Oliver Thomson has written one of
those books that when you pick it up at the store or a tent to look
through it, you are not sure you want to hear another story of the auld
feud between these Scottish Hatfields and McCoys. Donít put it back on
the shelf or the table! You will be the loser if you do.
This is a fresh account of the
deadly feud between the Campbells and the MacDonalds of too many
short-lived men who died violently all too young. This was no wee feud
that was over and done with in a generation or two. Beginning in 1296 with
an ambush of an emissary of peace, this feud lasted more 450 years.
The victim was Big Colin Campbell, a
Campbell chief, and the bushwhacker was Lame John MacDougall, head of the
most powerful clan in the west of Scotland. Iíve always loved the choice
of names our ancestors used. Here you have "Lame John" ambushing "Big
Colin", and this is only the beginning of an easily readable book about
which the author repeatedly refers to as "our two clans".
The book is divided into three
parts: The Feudal Field, Change Ends, and The Diaspora. One thing that
appealed to me was the author, Oliver Thomson. He is a businessman, and he
understands what a lot of "learned" men and women never learn - he knows
how to make the sell and close the deal without going on and on until he
talks himself out of a sale or by using what I call dictionary words. That
is, you canít read the book or article without your Scots or Gaelic
dictionary by your side. Mr. Thomson is managing director of one of
Scotlandís largest advertising agencies. So, a tip of the hat to the
author for accomplishing what other authors should consider - writing
books and articles that people can enjoy, particularly a book like this
one that has to deal with so many "begats".
What happened to "Lame John" for
murdering "Big Colin"? Evidently nothing since he died in Dublin in 1318 a
sick and poor man. Below are some interesting items found in The
Great Feud. "Good John" of the Isles did not wear a hat at his own
wedding so he would not have to doff it to the King who was in attendance.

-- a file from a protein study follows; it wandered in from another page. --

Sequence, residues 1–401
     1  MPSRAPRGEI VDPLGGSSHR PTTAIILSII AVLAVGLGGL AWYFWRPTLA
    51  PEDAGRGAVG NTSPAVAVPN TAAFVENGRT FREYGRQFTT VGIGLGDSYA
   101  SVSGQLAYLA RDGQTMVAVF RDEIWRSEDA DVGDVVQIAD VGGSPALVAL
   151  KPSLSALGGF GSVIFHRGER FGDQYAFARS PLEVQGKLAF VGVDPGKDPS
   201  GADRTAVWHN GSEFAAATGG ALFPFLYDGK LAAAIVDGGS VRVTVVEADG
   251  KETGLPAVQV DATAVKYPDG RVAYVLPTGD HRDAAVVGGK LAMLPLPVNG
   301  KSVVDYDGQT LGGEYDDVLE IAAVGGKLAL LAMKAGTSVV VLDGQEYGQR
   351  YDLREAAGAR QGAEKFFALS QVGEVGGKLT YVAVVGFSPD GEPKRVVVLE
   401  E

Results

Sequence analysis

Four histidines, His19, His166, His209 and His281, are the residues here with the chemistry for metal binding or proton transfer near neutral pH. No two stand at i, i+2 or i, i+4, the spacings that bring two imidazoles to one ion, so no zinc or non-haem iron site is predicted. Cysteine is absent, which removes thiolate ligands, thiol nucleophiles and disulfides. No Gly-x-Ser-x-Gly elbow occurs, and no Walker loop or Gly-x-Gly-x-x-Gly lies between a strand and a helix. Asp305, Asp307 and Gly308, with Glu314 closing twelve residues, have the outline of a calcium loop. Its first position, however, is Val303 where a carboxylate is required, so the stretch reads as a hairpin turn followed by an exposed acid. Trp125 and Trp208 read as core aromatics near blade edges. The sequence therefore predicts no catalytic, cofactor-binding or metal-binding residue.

A new weapon of warfare from Germany
was introduced in Scotland and played a big part in future battles for
years to come - the two-handed claymore. Youíll meet Donald Dhu who, after
spending 40+ plus years in prison, mostly in Edinburgh, was allowed to
escape and then was hailed as Lord of the Isles.
There is Lady Glamis, beauty that she was, who was
burned at the stake based on false charges of murder and witchcraft.
Highland "sodgers" were called "Redshanks" because of their bare knees. As
far as religion goes, the Royal Stuarts were Episcopalian, if not out
right Catholic, and the Campbells were mostly Presbyterian, whereas the
MacDonalds back then probably could have gone either way. There is also
the Black Bitch of Dunstaffnage who marooned groups of Islay MacDonalds on
small rocks to get rid of them. Thomson returns to Donald Dhu, who when
less than 60 years old, had by then spent at least 50 years in prison and
died from measles according to some, thus ending the last major attempt to
regain the Lordship of the Isles.
And believe it or not, "our two
clans" actually united in an effort to defeat a common foe - Cromwell, who
beat up the Scots pretty good during his lifetime, and whose ultimate
victory led to the first forced transportation of Scottish POWs or
indentured slaves to New England, Carolina, and the dreaded,
fever-infested West Indies.
Another remarkable but lesser known
member of the two clans was Tunis G. Campbell, a black leader from
Massachusetts who set up an independent black state on the Georgia Sea
Islands at the beginning of the Civil War here in the States. Then, there
was Robert Campbell who found gold in the Yukon "but did not regard it as
of great interest", which makes one wonder what planet he came from.
Thomson also notes Russiaís
complaint in 1999 about the "McDonaldisation" of their country, but we all
know that a battle of "Big Macs" and Coca-Cola versus the Campbell Soup
Company goes on in most American households on a daily basis.
And finally for this column, we
learned that a Campbell Chief sued his second wife in 1963 for divorce on
grounds of adultery with 87 different men.
In The last chapter of this
wonderful book is a suggested tour by car or coach for those who wish to
visit the various monuments and sights surrounding the great feud. It will
take you to all parts of Scotland, the Isles, England, Wales, Belgium,
Germany, Italy, Spain, and France, just to name a few. MacDonalds and
Campbells will find themselves wanting to make this journey after they
have finished reading the book.
On a solemn note in closing, allow
me to express our condolences to Clan Campbell in the passing of Chief Ian
Campbell, 63, the Duke of Argyll, who died Sunday, 22 April 2001 in London
during heart surgery.
The Great Feud is a Sutton Publishing Limited book
copyrighted in 2000 and is available from Weems and Sons, 296 Stone Fort
Drive, Manchester, TN 37355,
or through a new toll-free number 1-888-705-0255.